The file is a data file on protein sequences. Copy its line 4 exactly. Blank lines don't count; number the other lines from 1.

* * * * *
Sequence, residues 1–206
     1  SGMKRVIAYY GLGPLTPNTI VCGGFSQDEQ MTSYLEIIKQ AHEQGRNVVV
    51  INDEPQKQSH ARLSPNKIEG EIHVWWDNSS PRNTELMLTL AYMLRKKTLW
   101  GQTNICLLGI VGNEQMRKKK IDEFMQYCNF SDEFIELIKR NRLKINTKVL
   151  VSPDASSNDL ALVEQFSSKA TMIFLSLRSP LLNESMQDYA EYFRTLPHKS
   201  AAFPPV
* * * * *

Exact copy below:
   101  GQTNICLLGI VGNEQMRKKK IDEFMQYCNF SDEFIELIKR NRLKINTKVL